Until All Of Us Are Home: The Process of Leadership at Project H.O.M.E.

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"None of us are home until all of us are home." This is the motto of the not-for-profit organization Project H.O.M.E. (Housing, Opportunities for Employment, Medical Care, Education). These words, expressing the organization's commitment to solidarity in struggle, are permanently inscribed in a beautiful stone mosaic just inside the golden doors at the entrance of 1515 Fairmount, one of Project H.O.M.E.'s eleven residential facilities for formerly homeless men and women and the site of the outreach program and many of the administrative offices. Their motto is emblazoned on a banner raised high between the outstretched arms of a man and woman who stand before the golden doors of 1515 Fairmount. Above them is the skyline of Philadelphia, and below are listed the names of the many organizations - legal and governmental largely - that helped Project H.O.M.E. win its NIMBY ("Not in My Backyard") legal battle against neighborhood and city opposition to the opening of a residence for the formally homeless at 1515 Fairmount. "In gratitude to the efforts of these people," read the words at the bottom of the long list of law firms, businesses, and government officials, including "The Honorable Henry Cisneros, Secretary, U.S. Department of Housing and Urban Development."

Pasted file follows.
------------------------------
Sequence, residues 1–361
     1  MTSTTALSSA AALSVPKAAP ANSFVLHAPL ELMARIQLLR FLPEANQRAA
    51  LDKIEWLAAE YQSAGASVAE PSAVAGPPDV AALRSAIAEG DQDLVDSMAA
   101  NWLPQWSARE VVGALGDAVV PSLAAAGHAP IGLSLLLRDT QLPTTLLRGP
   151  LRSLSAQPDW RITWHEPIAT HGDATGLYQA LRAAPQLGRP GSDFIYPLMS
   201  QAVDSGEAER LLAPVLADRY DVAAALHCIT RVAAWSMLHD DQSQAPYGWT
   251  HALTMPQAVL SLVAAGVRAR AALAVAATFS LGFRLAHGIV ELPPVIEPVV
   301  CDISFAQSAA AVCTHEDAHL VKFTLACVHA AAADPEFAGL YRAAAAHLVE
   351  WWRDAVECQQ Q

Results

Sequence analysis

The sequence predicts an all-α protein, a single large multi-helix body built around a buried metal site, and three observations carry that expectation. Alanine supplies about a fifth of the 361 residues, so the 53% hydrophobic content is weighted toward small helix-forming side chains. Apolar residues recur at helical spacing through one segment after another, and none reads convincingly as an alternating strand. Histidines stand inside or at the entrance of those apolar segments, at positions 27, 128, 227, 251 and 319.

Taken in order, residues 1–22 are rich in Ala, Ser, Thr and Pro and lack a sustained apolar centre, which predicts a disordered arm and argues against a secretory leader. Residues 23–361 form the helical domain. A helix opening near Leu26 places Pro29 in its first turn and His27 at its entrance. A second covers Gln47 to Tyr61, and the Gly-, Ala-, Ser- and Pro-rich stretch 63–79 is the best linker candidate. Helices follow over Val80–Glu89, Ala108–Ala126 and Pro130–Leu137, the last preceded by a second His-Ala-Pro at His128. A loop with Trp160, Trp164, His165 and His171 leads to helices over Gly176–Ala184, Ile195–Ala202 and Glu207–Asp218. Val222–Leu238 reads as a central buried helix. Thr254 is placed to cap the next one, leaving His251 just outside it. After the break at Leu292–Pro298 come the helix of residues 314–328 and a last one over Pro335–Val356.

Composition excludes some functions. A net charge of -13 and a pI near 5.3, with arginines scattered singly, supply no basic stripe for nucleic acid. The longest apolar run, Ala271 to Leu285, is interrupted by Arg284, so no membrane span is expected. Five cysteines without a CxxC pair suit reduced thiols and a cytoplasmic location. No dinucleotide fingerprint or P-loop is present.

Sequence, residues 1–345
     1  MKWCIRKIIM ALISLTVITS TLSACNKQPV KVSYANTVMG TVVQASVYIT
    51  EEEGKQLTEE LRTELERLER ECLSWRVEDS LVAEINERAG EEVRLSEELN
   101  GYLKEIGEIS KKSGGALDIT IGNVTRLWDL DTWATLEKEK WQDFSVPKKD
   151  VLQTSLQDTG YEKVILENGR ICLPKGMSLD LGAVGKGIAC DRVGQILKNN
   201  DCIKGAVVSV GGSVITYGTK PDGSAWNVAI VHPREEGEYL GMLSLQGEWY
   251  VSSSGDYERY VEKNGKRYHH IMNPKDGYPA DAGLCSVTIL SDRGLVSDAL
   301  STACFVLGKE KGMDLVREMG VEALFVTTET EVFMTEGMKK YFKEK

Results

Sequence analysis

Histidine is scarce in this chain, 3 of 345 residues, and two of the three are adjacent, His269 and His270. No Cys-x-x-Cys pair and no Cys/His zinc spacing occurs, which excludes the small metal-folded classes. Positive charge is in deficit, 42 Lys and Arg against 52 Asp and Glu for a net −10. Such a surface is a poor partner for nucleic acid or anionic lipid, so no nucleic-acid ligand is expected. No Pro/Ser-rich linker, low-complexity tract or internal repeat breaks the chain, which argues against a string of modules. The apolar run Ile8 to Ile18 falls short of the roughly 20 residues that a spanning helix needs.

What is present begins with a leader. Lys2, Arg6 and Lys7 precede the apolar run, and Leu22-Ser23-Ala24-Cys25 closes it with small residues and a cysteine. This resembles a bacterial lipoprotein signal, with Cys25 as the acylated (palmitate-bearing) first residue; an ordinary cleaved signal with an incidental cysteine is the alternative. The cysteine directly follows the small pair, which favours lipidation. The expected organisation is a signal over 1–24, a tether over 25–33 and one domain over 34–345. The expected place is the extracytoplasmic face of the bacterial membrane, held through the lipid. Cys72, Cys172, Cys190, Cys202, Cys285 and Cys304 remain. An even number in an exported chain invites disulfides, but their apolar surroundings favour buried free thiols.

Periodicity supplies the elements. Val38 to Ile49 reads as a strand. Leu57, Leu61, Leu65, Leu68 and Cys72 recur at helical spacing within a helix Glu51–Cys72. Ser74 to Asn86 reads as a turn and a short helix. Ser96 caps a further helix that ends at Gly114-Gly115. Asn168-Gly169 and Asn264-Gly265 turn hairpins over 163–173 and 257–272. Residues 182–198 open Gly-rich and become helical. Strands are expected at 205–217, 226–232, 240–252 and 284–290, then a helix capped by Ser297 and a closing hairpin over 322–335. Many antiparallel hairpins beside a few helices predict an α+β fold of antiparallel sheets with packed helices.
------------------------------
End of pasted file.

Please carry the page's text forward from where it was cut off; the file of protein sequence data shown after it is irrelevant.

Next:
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© Kathleen Hall. Related to A Publication of the Leadership for a Changing World Program, Research and Documentation Component, Research Center for Leadership in Action, Robert F. Wagner Graduate School of Public Service, New York University, March 2006, 64 pages.
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